Japan's nuclear renaissance dogged by waste challenge

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Science  23 Jan 2015:
Vol. 347, Issue 6220, pp. 361
DOI: 10.1126/science.347.6220.361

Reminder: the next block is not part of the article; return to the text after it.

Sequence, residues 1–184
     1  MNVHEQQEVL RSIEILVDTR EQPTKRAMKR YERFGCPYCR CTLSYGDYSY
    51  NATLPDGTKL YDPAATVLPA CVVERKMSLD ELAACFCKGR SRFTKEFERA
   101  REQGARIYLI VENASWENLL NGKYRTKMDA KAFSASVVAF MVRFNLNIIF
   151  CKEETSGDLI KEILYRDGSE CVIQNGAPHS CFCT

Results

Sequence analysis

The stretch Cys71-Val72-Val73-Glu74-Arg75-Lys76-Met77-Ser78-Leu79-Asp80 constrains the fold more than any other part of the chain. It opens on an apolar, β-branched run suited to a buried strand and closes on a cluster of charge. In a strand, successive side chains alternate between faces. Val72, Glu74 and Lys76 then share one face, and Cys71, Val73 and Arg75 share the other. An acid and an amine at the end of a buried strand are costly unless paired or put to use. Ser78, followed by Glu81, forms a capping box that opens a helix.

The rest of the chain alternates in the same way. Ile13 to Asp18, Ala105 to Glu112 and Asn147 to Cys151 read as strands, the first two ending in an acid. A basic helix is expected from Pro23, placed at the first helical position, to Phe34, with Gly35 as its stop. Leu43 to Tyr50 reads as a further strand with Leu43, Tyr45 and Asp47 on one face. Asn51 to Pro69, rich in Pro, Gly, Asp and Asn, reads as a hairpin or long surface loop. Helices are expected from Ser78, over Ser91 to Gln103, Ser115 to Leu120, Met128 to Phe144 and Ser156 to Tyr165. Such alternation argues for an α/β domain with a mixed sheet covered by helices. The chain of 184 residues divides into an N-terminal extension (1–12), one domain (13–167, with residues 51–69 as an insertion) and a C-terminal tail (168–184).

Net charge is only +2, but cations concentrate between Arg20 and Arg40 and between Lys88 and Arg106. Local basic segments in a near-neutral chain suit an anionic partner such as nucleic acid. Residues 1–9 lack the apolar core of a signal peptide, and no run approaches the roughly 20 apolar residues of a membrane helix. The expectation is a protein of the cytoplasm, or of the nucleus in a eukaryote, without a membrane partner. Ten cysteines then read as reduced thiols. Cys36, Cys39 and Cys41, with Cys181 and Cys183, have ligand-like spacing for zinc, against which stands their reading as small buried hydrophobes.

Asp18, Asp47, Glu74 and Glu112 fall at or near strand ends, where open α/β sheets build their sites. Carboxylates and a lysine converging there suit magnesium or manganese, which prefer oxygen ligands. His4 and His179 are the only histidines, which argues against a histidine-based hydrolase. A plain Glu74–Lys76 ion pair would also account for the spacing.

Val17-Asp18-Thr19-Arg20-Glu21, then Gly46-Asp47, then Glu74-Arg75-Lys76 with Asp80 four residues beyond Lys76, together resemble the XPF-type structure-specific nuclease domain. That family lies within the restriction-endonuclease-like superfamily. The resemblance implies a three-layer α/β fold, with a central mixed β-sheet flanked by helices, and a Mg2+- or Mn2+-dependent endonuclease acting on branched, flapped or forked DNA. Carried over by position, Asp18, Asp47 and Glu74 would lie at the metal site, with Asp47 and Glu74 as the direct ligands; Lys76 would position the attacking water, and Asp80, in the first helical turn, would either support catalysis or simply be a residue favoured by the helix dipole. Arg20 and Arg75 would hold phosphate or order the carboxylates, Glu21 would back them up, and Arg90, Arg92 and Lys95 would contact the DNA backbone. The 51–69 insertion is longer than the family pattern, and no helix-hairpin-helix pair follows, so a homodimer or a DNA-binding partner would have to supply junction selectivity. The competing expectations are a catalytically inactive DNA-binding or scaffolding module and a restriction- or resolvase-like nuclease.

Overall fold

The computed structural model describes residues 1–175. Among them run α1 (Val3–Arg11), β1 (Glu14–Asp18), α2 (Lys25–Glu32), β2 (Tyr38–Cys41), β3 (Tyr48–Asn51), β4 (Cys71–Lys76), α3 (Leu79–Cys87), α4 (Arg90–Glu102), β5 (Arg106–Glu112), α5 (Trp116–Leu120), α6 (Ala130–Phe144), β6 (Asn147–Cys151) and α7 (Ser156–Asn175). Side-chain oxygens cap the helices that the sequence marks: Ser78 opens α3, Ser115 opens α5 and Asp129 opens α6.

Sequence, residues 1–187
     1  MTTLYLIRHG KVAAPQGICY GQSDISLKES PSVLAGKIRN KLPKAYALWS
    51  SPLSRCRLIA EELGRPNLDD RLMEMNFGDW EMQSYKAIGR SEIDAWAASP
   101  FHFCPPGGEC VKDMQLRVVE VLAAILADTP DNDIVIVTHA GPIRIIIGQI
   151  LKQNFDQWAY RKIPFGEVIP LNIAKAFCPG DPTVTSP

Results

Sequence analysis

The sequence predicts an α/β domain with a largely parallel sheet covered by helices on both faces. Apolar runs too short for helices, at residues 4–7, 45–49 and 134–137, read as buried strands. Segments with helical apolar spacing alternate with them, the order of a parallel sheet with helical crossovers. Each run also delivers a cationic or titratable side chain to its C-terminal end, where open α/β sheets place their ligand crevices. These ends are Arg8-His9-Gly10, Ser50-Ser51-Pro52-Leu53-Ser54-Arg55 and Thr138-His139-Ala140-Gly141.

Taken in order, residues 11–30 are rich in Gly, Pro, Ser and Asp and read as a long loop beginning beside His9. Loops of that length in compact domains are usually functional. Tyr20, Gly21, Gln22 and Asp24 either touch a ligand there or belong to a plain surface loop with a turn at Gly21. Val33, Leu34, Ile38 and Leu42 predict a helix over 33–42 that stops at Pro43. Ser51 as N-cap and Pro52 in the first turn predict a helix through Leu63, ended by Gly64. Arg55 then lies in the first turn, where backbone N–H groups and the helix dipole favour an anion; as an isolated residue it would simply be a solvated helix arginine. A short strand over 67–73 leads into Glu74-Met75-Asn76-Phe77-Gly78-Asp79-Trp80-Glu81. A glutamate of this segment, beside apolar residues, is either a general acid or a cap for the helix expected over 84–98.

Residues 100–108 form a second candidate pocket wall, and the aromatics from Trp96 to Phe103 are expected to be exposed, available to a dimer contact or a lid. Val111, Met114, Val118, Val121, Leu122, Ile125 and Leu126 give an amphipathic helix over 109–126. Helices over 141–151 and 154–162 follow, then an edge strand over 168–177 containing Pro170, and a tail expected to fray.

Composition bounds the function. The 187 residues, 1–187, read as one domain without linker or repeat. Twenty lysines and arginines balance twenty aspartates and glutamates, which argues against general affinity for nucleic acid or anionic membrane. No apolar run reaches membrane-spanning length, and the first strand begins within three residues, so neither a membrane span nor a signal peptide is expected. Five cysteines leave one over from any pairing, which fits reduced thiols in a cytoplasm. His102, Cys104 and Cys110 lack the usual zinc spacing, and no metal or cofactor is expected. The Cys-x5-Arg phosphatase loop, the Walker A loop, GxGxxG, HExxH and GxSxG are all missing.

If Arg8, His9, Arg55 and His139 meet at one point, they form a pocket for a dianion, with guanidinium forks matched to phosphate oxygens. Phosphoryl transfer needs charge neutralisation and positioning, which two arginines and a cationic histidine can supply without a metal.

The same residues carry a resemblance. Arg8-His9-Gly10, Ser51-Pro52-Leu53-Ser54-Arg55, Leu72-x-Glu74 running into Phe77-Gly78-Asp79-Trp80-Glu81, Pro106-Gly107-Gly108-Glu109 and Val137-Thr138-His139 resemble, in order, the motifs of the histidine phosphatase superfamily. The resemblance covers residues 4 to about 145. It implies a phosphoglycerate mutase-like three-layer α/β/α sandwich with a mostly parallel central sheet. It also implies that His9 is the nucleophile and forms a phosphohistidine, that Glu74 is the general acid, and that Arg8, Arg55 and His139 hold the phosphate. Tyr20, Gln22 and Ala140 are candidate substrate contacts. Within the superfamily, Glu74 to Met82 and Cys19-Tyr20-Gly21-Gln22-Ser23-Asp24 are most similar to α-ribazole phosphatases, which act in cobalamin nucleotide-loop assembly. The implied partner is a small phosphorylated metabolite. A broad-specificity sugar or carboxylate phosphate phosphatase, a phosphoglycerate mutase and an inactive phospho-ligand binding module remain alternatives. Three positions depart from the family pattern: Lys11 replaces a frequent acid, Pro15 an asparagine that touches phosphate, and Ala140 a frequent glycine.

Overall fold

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Later this spring, Japan is likely to restart the first two of the 48 nuclear reactors idled in the aftermath of the 2011 meltdowns at the Fukushima Daiichi Nuclear Power Station. But the resumption of nuclear power generation is refocusing attention on a lingering challenge: what to do with the spent fuel. When Japan turned to nuclear power in the 1960s, it worried about uranium supplies and wanted to minimize the amount of nuclear waste. So it planned on spent fuel reprocessing, which reduces the volume of waste needing long-term storage and produces fresh fuel for reactors. A private firm owned by the country's nuclear utilities started building a reprocessing plant in the northern village of Rokkasho in 1993. But it took more than 2 decades to work the kinks out of an experimental vitrification process. The plant is finally due to come online in spring 2016. But the country is still searching for a site for a deep underground repository for the highly radioactive nuclear waste left over from reprocessing. For the time being, it will be encased in glass and stored until a permanent solution is found.